Spinal stenosis is quite common among people aged 65 and older. In fact, somewhere between 250,000 and 500,000 Americans have symptoms, indicating they may have spinal stenosis.
At Dr. Louis Keppler and Associates, our expert providers regularly treat patients with spinal stenosis. Some people never even know they have spinal stenosis because they don’t have any symptoms. Others experience pain, numbness, and tingling because their spinal canal is so narrow, the nerves passing through it don’t have enough space and are irritated.
What is spinal stenosis?
Your spine is made up of vertebrae, donut-shaped discs between the vertebrae, and your spinal cord, which runs through your spinal column — the donut holes. Your spinal cord is a large bundle of nerves and a major component of your central nervous system that connects all the parts of your body to your brain.
When you have spinal stenosis, your spinal column becomes narrower, and sometimes the nerves in your spinal cord are irritated or compressed. It usually happens in the upper part of your spine, cervical stenosis, or in the lower part, lumbar stenosis.
Symptoms for cervical and lumbar stenosis are similar, but felt in different parts of your body. For example, if you have cervical stenosis, you may feel numbness, tingling, pain, or weakness in your arms, hands, legs or feet—anywhere below the point of nerve compression. If you have lumbar stenosis, you’re more likely to have those sensations in your legs or feet.
Here are four common causes of spinal stenosis.
1. Arthritic spurs
In osteoarthritis, the type that is sometimes called “wear-and-tear arthritis,” your cartilage breaks down, allowing your bones to rub against each other. When that happens in your spine, your vertebrae rub against each other.
The friction of bone against bone can cause bone overgrowth, or bone spurs. Such a spur on your spine can cause your spinal canal to narrow.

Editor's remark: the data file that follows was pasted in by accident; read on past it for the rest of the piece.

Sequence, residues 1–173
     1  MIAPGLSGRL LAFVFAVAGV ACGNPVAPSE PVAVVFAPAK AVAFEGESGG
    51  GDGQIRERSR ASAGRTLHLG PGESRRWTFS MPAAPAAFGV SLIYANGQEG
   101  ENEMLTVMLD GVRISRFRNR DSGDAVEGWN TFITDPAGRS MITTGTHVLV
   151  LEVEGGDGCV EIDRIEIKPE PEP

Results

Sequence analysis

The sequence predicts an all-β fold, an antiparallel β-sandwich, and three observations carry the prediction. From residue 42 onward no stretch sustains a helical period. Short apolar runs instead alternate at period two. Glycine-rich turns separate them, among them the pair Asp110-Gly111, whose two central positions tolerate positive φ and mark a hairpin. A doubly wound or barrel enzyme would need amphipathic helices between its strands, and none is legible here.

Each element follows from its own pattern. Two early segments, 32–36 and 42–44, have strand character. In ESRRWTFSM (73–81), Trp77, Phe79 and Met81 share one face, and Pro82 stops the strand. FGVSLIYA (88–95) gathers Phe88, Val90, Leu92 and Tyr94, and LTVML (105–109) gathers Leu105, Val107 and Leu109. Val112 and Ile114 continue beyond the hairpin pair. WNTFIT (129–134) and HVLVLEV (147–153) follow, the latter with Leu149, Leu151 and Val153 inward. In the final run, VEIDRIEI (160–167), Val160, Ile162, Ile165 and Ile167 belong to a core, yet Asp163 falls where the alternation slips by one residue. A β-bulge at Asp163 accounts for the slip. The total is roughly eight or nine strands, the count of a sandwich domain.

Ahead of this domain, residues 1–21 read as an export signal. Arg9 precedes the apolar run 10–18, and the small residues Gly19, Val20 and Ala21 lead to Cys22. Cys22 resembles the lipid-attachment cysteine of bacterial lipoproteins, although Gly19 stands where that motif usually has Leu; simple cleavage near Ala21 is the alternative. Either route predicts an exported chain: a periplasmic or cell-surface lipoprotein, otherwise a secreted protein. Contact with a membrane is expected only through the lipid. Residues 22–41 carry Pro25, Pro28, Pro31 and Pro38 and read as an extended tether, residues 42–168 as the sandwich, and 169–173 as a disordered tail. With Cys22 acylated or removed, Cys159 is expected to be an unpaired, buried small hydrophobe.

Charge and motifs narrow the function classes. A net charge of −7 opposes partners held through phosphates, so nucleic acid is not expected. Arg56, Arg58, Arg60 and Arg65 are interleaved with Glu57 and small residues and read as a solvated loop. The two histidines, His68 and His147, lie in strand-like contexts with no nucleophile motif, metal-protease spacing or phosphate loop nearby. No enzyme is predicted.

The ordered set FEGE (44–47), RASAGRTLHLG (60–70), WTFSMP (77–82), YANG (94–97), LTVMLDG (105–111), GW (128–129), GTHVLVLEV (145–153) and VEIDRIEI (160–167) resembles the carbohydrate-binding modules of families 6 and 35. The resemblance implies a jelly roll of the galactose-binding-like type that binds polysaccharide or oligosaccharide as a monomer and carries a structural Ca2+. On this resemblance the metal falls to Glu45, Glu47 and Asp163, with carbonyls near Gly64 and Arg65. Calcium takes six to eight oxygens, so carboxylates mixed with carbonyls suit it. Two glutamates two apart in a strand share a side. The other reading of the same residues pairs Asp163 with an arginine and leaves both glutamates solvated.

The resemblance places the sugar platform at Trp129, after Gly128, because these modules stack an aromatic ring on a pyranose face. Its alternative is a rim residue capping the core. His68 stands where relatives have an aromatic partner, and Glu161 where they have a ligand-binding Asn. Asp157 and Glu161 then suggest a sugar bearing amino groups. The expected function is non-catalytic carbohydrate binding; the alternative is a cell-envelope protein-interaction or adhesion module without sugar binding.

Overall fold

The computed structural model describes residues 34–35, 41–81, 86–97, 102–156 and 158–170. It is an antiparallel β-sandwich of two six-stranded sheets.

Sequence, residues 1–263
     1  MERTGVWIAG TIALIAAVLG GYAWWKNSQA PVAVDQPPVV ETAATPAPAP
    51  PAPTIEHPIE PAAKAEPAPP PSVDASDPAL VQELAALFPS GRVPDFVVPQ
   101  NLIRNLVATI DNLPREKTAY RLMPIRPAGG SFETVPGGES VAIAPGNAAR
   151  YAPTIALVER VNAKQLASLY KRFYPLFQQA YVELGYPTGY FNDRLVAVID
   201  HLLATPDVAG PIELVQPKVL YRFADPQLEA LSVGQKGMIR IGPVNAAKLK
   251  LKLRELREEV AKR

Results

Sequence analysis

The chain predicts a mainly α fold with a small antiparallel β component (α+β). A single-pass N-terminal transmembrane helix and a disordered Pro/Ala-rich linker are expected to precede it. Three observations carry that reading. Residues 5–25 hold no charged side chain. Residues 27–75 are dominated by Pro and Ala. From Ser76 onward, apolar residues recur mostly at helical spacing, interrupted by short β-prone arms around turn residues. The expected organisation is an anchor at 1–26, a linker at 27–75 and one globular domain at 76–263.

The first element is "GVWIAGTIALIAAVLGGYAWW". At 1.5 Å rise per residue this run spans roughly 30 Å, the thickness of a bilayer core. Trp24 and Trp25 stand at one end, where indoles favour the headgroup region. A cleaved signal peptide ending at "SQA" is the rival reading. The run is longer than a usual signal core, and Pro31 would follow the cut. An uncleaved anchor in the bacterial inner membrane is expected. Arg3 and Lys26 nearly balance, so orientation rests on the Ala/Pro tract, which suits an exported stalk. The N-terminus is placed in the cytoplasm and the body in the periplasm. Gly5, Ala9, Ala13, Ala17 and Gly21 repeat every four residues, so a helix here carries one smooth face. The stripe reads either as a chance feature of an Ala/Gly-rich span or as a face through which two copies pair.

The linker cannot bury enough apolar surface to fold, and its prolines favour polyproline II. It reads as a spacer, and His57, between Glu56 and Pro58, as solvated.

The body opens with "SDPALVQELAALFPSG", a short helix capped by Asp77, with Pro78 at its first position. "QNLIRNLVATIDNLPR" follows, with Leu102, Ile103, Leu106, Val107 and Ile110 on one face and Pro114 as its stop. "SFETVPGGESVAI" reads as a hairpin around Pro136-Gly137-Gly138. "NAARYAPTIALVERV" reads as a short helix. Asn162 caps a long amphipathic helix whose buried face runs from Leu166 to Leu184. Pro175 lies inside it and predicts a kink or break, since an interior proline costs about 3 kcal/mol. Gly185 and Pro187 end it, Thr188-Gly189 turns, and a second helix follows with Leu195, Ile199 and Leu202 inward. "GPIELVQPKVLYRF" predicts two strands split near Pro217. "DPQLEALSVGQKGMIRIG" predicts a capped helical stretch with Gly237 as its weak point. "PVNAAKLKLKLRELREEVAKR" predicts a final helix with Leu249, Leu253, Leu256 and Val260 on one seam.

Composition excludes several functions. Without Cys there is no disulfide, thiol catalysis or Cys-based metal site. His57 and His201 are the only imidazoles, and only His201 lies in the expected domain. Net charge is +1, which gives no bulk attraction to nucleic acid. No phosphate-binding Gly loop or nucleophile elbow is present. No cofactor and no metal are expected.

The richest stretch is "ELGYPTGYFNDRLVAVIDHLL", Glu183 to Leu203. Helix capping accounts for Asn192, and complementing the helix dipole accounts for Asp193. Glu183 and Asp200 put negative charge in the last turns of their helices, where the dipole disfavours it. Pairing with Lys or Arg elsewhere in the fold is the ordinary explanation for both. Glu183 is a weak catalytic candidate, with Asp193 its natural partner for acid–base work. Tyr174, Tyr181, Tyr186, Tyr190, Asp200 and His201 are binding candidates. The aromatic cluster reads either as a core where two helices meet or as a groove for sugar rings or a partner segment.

2. Bulging discs
Each of the discs between your vertebrae performs important functions, like absorbing shock and providing cushion for your vertebrae. As you age, those discs become drier and more prone to cracking. The result is often a disc that bulges to one side or the other.
When your disc bulges into your spinal canal, it can compress your spinal cord, causing the symptoms associated with spinal stenosis.
3. Thickened ligaments
Ligaments are the connective tissues that are responsible for holding the bones of your spine together. When you have arthritis, they can become stiff and thicker than they should be. The thickened ligaments can press into your spinal canal.
4. Spinal injuries or medical conditions
If you’ve had an injury to your spine, you can develop spinal stenosis. Some medical conditions, like having a tumor or a condition called Paget’s Disease of Bone, can also cause spinal stenosis.
Untreated, worsening spinal stenosis can lead to issues with balance, or even paralysis. If you’re having symptoms, or you’ve been diagnosed with spinal stenosis, schedule an appointment at Dr. Keppler and Associates. Our experienced practitioners can help you understand your options and guide you through a carefully designed treatment program.